The chorus of “Sylvans and Echo” – “Let Fauns the cymbal ring” – for male voices (with solo quartet) Madam Lemmens, Miss Palmer, Messrs. Cummings and Santley), is lively and not devoid of character; but the leading theme, it must be allowed, approaches near to the brink of vulgarity. The best part of this is an episode for the four solo voices (“Like Summer’s beauteous noon”), beginning unaccompanied. (To “ring” the cymbal, by the way, is a bold expression.)
The next piece, a slow dance in minuet time, with choral burden (“Fa, la, la, la, la”) is tuneful and engaging from end to end – and amid the rest of the pageant-music shines like a gem.
Arion’s song – “I am a ruler on the sea” – is a patriotic claptrap, indebted exclusively for the encore it received to the vigorous and effective delivery of Mr. Santley. Words and music are alike “stagey.”
The following scene – Shakespeare’s scene – is, as has been hinted, superior to all the context. The beautiful speech of Lorenzo –
is given in recitative, accompanied much in the rich and dreamy manner of M. Gounod. There is a vagueness about it by no means inappropriate, and at the termination, when, by an enharmonic transition, we are transported into another key, while the tenor voice sustains a high A flat, a melody creeps in, identical with the first two bars of the theme so charmingly varied by Beethoven in his A major quartet (Op. 18). Whether intentional or not, the effect is good.
The duet, in which Jessica takes part, is almost entirely built upon the overture. We have again the floating harp arpeggios, with other incidental passages, and the leading theme – first by Lorenzo (Troilus and Cressida), next by Jessica (Thisbe and the Lion), and lastly by the two voices in unison (Dido), and always in the same key, which, soothing, graceful, and cleverly written as the duet undoubtedly is, creates a sense of weariness that incurs the risk of falling into dull monotony. That the scene, however, is not dull, although we have already been made acquainted, at the commencement of the masque, with the larger portion of the materials of which it is composed, is attributable to the fact of the music being really expressive of the sentiment of the words.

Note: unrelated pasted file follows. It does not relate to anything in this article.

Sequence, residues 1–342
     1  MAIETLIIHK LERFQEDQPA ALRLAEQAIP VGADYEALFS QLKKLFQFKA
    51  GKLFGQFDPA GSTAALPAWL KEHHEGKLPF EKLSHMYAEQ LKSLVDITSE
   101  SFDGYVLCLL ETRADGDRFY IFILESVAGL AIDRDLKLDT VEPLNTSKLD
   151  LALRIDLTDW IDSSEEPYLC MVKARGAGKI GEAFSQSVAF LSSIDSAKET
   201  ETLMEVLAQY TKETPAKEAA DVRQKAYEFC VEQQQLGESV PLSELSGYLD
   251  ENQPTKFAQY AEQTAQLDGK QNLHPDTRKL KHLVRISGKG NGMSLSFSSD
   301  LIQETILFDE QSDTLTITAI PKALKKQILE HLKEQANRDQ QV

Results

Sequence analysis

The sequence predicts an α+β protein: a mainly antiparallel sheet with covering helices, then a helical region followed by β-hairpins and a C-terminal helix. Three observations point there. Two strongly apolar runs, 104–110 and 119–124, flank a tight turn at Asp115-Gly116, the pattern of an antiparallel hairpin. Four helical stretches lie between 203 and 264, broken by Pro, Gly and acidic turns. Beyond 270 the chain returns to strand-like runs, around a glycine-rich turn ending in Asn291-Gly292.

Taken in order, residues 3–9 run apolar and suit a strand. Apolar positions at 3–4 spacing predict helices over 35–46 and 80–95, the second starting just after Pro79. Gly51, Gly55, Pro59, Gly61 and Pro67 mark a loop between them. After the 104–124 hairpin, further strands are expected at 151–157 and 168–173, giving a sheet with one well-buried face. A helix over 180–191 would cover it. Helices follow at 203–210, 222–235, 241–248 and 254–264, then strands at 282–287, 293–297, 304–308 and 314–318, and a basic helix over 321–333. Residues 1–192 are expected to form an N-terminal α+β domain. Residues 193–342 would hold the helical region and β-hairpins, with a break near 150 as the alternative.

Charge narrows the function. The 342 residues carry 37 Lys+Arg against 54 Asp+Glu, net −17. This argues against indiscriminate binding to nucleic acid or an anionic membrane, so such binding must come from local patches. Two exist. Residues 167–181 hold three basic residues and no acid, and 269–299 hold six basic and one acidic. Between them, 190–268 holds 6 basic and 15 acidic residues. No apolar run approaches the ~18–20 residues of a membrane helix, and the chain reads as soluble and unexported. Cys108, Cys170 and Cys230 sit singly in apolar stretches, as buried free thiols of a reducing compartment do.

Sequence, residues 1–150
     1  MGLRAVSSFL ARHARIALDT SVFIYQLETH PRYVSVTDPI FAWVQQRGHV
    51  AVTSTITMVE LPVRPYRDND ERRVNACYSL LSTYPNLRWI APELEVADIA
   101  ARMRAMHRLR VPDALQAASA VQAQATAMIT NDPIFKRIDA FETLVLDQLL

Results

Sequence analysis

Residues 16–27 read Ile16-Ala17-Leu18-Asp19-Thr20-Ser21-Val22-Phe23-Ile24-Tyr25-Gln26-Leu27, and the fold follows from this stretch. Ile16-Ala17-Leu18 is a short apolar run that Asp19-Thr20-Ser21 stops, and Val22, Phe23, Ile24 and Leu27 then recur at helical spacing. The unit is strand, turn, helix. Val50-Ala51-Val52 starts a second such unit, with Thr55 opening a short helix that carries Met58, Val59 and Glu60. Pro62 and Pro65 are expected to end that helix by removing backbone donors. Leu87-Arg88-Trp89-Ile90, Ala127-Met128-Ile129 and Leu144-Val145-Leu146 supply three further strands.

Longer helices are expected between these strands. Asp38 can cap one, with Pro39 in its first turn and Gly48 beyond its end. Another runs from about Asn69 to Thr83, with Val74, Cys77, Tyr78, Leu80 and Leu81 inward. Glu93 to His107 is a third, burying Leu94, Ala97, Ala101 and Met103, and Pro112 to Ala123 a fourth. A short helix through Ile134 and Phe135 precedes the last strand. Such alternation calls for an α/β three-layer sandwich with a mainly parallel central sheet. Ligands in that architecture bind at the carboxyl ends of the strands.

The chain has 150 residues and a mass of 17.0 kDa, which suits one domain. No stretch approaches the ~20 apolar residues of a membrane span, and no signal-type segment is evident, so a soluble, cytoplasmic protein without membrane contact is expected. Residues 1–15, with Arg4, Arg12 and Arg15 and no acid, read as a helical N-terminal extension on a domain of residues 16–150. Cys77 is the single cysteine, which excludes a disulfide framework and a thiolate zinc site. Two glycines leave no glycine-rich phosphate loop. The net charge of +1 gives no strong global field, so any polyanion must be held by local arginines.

The “Brisk March” which comes after it, with a theme in the minor key, the first section constructed upon a “drone base,” contrasts forcibly but not happily with the foregoing. Nor – to be for an instant technical – is the sudden transition from the key of the duet (D flat major) to that of the dance (A minor) so thoroughly well devised as it might have been, and as Mr. Sullivan could readily have devised it. The dance quand même is “brisk” certainly; but except in its pretty trio (major key) not over alluring.
It is well, nevertheless, that this same brisk interlude should come between the duet and the finale. The sudden transition from that exquisite bit of poetry about Dido –
to such verse as the subjoined:–
would have been more startling and less grateful than the transition of Mr. Sullivan.
The finale opens with a solo for contralto, accompanied in the orchestra [by] the Adolphe Adam-like theme which plays so important apart in the introduction. This leads to a chorus (“Sleep, great Queen”), clear, sonorous, and well conducted, containing a new reference to the same pretty theme, and terminating with a coda, which dies away effectively to pianissimo, the chorus (like Morpheus “at the door”) whispering “God save the Queen,” in unison.
That Mr. Sullivan will take what has been said of his new work in the sense in which it is meant, there can be little doubt. He is a young man, full of promise, and a future before him which rests entirely with himself to make brilliant.